What about them?
That all of us—the total of us, our identities—is just a story. We tell ourselves a story to hold it all together. Which makes sense; seems like everything we do is stories; so why, in a pretty real way, can’t we be stories?
Christine looks off, like the rest of her thought is on the fire escape. It’s like you kept pulling yourself back to these crucial moments of your childhood, but you could never figure out why you were there.
So? Everyone has dreams like that.
I’ve had dreams like that. I’m sure my mother has had dreams like that… but I don’t think even PTSD dreams get the way yours did. I’m just saying, I think there was something about them you missed. Pass the pepper?
There are dreams we return to because we’re stuck on a certain event, and we’re trying got make sense of it, so going forward, we can tell the story differently. That’s what therapy’s about, right? She pauses. I don’t think you were there to make sense of your story; I think you were trying to change it.
You think I traveled through space and time in my dreams to fix my childhood?
That’s not allowed?
Well, never mind how I’d do that, or that it contradicts all of accepted physics—why those events? My brother’s birthday party? My last Girls Night with Alice Kingsbury? The dream I had about retrieving that card from my first grade Art teacher’s desk, after midnight? These just don’t sound like defining moments.
I guess that depends on how you tell the story.
Only you smirk when you’re annoyed.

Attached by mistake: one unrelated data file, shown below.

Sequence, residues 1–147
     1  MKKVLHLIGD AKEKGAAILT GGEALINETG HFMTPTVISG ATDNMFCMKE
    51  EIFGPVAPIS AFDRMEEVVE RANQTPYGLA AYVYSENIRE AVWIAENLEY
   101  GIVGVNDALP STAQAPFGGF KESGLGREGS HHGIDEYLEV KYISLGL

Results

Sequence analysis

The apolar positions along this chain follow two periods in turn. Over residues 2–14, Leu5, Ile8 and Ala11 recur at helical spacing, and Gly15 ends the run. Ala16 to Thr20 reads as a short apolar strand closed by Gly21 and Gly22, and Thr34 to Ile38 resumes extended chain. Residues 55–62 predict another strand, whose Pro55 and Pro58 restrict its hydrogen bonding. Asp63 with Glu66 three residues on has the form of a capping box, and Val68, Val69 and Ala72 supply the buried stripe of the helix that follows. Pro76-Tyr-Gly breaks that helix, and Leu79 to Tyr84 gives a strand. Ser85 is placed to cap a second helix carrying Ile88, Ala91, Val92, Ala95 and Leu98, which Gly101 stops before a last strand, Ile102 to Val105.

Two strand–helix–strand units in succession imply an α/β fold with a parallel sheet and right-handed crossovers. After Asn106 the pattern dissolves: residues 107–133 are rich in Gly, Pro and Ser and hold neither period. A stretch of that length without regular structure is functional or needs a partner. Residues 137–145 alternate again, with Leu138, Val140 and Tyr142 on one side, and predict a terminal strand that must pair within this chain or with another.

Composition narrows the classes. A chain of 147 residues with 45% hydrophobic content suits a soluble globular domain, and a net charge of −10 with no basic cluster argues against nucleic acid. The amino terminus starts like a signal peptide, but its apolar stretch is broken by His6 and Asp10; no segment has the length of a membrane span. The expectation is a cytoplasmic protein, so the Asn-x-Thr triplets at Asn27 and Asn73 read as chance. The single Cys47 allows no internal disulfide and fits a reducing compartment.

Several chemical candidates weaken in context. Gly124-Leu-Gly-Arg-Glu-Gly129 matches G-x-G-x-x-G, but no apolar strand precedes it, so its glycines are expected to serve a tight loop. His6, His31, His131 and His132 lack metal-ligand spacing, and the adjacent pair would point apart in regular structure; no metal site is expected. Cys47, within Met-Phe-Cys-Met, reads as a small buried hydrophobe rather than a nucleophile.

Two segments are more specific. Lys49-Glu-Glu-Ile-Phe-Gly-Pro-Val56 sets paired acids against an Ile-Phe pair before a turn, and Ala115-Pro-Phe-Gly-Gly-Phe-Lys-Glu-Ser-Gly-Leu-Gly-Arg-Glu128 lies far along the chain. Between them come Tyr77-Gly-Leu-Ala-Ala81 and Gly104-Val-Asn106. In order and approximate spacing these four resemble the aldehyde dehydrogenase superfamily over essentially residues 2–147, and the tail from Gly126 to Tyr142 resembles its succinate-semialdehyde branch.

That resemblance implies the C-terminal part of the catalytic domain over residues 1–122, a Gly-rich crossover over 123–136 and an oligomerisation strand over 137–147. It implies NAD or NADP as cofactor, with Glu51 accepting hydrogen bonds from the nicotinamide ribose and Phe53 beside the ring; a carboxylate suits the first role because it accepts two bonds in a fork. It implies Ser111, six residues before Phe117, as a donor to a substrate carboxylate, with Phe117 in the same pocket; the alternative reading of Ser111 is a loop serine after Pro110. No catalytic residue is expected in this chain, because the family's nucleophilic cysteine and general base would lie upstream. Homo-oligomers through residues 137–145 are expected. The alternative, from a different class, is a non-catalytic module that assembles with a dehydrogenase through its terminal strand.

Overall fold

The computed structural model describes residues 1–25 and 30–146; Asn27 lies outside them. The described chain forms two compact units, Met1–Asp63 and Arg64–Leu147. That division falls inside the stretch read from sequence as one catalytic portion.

Besides, she continues, didn’t you make a card like the one in your dream, and mail it to yourself? Isn’t that what’s at the back of your sock drawer?
It’s a memento of the house! It’s one of the only things I have that didn’t burn.
I’m not judging. I keep my mother’s stuffed panda in storage.
I let out a big laugh, like something’s been waiting to get out of me, and a laugh is a good way out. You do? God, I love you.
Now. I clap my hands on my thighs. Help me with these dishes.
When we’re done Chris goes to the 7/11 for nicotine gum, and after a few minutes on the edge of the bed, I fish around at the back of my socks. Something’s not right. In fact, none of it’s right.
When she gets back I pull her under the hallway light and make her look at it for 40 solid seconds.
What? she says. I can read. It’s an invitation.
I’ve had this piece of paper for over 25 years, I say. It’s always been so blurred it was impossible to read, like I pulled it from the bottom of a pond. And look at the back.
Holy shit. That’s you!
And it looks like it was taken yesterday.
In the little suburb of Wellesley, everyone knows the world is ending, and no one will talk about it. The weird thing is… it keeps happening.
This is a book in progress. The next section begins in March, 2014.